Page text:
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The Five Key Legal Documents Every Adult Should Have

July 6, 2016 in News

The Five Key Legal Documents Every Adult Should Have

By Tracy A. Zanco, Esq.

According to many surveys, a majority of Americans do not have any estate planning documents in place. Some people think they are unnecessary and some people intend to have them drafted, but never quite get around to doing it. Here is a list of the five documents that everyone 18 years or older should have in place as part of an estate plan. Depending on an individual’s particular needs, additional documents may also be helpful.

  1. Last Will and Testament. This document controls the disposition of your probate property at your death. By having a Will in place you can determine how to allocate your property instead of relying on the default distributions set forth in Florida’s Intestacy Statute. In your Will, you can designate a person or persons to handle your probate estate. You can also create a testamentary trust to manage a portion of your estate after your death; these trusts are often drafted if minor children are named as beneficiaries. Additionally, you can designate a guardian for your minor children in your Will.
  2. Durable Power of Attorney. A durable power of attorney is a legal document in which you delegate authority to another person, who is called your agent or attorney-in-fact. Your agent is then authorized to act on your behalf and may perform all of the acts set forth in the document. The agent’s authority typically includes the authority to conduct transactions involving your property, especially your finances. In Florida, the document is effective immediately upon signing and survives your incapacity.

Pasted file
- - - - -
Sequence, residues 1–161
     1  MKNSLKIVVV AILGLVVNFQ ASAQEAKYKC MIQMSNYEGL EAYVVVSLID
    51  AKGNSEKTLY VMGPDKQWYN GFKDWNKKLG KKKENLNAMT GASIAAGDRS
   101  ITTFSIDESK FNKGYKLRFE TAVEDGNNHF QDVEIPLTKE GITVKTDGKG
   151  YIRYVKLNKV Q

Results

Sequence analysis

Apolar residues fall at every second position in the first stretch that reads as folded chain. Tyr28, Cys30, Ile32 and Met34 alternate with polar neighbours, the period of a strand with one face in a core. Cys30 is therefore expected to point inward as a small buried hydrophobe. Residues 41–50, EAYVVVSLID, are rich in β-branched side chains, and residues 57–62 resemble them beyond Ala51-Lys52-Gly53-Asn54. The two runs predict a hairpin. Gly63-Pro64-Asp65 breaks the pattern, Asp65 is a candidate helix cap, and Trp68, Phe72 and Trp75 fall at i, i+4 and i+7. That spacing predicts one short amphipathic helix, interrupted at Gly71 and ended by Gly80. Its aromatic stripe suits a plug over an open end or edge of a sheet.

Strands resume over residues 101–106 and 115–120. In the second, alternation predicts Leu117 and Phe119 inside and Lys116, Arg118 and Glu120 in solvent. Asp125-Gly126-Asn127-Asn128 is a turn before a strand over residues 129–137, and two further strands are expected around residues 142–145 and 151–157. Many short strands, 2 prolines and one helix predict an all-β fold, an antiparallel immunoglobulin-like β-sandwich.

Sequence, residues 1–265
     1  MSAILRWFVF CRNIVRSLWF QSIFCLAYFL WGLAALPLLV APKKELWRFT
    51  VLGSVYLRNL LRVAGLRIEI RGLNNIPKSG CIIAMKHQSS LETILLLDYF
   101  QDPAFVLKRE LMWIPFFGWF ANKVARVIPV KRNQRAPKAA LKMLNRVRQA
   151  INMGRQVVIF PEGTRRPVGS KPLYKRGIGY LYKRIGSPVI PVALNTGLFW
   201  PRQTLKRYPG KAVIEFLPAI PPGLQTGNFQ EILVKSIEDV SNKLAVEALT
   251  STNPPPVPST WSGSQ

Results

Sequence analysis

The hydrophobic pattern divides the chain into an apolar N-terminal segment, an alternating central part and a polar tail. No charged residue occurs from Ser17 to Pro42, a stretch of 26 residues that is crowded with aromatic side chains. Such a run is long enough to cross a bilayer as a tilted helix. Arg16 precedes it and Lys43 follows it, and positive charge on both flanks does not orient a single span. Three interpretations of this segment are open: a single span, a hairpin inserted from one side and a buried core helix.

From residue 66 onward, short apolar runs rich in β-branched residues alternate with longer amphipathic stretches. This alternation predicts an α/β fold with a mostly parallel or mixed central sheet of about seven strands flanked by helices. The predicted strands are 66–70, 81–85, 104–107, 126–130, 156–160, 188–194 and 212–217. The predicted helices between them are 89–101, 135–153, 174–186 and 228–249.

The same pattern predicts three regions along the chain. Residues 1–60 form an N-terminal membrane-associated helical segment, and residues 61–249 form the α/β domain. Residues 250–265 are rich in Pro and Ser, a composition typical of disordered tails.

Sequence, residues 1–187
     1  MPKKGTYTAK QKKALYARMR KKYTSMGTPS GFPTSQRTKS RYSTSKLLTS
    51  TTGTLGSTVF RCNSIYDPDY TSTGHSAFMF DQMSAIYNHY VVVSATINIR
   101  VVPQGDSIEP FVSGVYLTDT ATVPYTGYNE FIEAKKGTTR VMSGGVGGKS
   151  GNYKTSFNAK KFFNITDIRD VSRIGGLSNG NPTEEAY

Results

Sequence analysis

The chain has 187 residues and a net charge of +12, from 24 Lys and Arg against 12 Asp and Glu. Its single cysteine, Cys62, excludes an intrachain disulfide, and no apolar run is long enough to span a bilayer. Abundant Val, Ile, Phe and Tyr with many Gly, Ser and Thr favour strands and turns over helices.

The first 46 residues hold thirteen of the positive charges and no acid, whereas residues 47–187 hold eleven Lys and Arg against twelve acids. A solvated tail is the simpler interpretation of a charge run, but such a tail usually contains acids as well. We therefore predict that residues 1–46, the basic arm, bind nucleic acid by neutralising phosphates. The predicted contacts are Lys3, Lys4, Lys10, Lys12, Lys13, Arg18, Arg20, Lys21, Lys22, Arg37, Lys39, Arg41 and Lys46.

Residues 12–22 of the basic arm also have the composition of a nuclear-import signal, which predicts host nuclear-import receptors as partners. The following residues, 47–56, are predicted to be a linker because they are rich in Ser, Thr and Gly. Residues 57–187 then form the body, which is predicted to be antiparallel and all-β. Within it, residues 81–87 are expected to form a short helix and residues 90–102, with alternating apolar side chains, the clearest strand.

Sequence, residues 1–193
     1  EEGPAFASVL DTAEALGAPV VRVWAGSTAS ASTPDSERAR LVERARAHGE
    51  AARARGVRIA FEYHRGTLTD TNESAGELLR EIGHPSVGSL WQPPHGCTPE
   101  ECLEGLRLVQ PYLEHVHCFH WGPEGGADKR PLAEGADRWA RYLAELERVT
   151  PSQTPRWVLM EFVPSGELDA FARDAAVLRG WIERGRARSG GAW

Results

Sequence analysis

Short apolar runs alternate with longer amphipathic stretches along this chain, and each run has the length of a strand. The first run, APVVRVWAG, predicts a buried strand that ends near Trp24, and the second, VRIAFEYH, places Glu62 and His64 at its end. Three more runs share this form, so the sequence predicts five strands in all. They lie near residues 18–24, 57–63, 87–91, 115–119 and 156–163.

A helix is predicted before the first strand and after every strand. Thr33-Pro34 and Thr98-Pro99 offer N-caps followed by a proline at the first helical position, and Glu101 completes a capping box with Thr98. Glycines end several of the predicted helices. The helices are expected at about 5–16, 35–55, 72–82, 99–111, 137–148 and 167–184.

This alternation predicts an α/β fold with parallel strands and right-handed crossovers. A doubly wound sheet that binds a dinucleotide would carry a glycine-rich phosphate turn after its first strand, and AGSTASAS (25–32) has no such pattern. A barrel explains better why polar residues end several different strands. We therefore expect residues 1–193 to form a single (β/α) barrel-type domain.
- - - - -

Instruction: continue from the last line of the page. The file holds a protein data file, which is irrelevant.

3. Designation of Health Care Surrogate. This document is a type of advance directive in which you name someone to make health care decisions for you. You can restrict the scope of your surrogate’s authority. This document should include HIPAA (Health Insurance Portability and Accountability Act) language, so that your surrogate can access your medical records.
  4. Living Will. The Living Will is another advance directive in which you instruct medical providers about your wishes for treatment at the end of your life.
  5. Declaration Naming Preneed Guardian. This document allows you to name someone to act as your guardian should you ever need one. It is also an opportunity to exclude someone from serving as your guardian.

Although it is easy to procrastinate when it comes to estate planning, having these documents in place can help you avoid guardianship and other court intervention. Best of all, it will give you and your loved ones great peace of mind, while helping to ensure that your wishes are honored.


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